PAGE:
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Part 6

Private Corrections Update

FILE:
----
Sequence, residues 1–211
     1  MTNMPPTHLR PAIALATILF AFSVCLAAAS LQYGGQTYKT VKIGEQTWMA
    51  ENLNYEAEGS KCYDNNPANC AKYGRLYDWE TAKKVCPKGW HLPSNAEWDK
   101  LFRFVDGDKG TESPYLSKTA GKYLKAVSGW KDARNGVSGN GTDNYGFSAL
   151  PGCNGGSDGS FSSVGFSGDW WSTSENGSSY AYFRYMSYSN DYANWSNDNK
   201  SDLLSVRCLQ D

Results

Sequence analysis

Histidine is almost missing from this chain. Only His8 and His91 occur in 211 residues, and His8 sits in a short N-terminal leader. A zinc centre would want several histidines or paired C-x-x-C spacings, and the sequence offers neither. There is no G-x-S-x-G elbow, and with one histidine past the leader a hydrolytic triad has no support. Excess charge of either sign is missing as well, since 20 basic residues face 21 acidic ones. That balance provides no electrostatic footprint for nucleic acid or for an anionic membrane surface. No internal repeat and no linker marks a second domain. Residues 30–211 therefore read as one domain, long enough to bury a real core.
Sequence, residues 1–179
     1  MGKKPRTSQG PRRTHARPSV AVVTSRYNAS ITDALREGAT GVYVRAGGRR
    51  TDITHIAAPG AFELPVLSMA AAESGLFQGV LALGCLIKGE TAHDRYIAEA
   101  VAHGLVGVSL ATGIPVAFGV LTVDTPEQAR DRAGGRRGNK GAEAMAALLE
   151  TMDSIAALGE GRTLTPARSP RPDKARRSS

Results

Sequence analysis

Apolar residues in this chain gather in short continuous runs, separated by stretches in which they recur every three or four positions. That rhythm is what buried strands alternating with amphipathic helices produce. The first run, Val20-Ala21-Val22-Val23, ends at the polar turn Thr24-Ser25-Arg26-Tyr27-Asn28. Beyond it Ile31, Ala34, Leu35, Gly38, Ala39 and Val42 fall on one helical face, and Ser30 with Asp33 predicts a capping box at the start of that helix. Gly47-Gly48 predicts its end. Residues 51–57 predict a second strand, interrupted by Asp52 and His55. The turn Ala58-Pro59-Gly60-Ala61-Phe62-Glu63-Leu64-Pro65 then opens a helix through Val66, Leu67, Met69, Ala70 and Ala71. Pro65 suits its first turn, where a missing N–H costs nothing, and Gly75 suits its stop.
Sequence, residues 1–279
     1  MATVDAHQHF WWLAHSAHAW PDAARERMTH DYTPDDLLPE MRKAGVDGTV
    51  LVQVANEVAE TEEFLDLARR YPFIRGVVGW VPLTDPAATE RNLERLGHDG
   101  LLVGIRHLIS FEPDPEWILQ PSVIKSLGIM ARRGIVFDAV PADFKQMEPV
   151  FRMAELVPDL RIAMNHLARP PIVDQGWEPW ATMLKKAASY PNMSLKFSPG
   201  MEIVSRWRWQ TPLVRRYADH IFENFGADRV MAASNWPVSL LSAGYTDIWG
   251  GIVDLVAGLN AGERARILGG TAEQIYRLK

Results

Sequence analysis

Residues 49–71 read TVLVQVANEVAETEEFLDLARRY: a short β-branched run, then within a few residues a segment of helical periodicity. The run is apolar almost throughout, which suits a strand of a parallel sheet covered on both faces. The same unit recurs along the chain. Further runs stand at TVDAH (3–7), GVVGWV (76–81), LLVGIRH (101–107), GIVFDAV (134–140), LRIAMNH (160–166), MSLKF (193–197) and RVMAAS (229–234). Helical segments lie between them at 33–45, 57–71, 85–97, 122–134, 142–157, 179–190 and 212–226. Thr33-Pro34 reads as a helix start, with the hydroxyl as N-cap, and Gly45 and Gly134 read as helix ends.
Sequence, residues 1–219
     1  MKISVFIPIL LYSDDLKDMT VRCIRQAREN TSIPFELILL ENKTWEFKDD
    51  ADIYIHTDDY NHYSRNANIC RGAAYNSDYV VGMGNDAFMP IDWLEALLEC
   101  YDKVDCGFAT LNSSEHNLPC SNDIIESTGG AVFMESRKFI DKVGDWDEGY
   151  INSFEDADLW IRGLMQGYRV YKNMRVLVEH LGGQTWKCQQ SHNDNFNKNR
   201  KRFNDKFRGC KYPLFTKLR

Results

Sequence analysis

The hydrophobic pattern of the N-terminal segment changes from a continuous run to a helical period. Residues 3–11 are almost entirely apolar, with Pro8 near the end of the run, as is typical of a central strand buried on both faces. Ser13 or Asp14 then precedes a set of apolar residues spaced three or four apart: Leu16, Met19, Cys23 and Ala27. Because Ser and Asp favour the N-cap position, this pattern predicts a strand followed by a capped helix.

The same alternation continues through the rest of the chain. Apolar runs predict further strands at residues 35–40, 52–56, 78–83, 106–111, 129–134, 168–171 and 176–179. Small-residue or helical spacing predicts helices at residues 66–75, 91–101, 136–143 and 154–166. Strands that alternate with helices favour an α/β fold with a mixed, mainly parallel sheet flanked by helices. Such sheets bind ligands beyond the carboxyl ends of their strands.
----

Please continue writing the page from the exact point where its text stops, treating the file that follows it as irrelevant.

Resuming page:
 Federal officials at U.S. Immigrations and Customs Enforcement (ICE) announced in August 2010 that they are working with CCA to ease the conditions of confinement at nine federal detention centers for non-criminal detainees as part of a larger reform of federal immigrant detention policies implemented by the Obama administration. Because detainees are being held for non-criminal civil immigration charges, federal authorities want to make the facilities less prison-like, including such changes as more colorful interior decoration, relaxed security procedures and the elimination of razor wire fences. Detainees will also receive an improved diet, will be allowed to wear civilian clothes and have increased contact with family members, among other policy changes. The changes will ultimately be implemented throughout the entire ICE system. The private corrections industry saw a major consolidation when two of the largest publicly held correctional service providers—The GEO Group and Cornell—finalized a merger in August 2010. Under the deal, GEO acquired Cornell at an estimated enterprise value of $685 million and will take on roughly $300 million in Cornell’s debt. Prior to the merger, GEO operated 51 locations globally with 60,000 beds among its three business units, while Cornell operated 68 facilities with 21,000 beds. In a press release announcing the merger, GEO Chairman and Chief Executive Officer George Zoley noted, “[t]he combination of our two companies creates a company with revenues of approximately $1.5 billion, enhanced scale, diversification, and complementary service offerings.” In a separate move later in the year, GEO announced the $415 million acquisition of Behavioral Interventions, Inc., a leading firm in the areas of compliance technologies, monitoring services and evidence-based supervision and treatment programs for community-based parolees, probationers and pretrial defendants. Behavioral Interventions is the largest national provider of comprehensive electronic monitoring services, tracking more than 60,000 offenders for approximately 900 federal, state and local correctional agencies located in all 50 states. The firm also provides communitybased re-entry services for approximately 1,700 parolees on behalf of state and local correctional agencies at 26 nonresidential day reporting centers nationwide. CCA, the largest correctional management firm in the U.S., reported in February 2010 that it had achieved a systemwide American Correctional Association (ACA) accreditation score of 99.4% in 2009. Fourteen CCA correctional facilities were successfully audited in 2009, with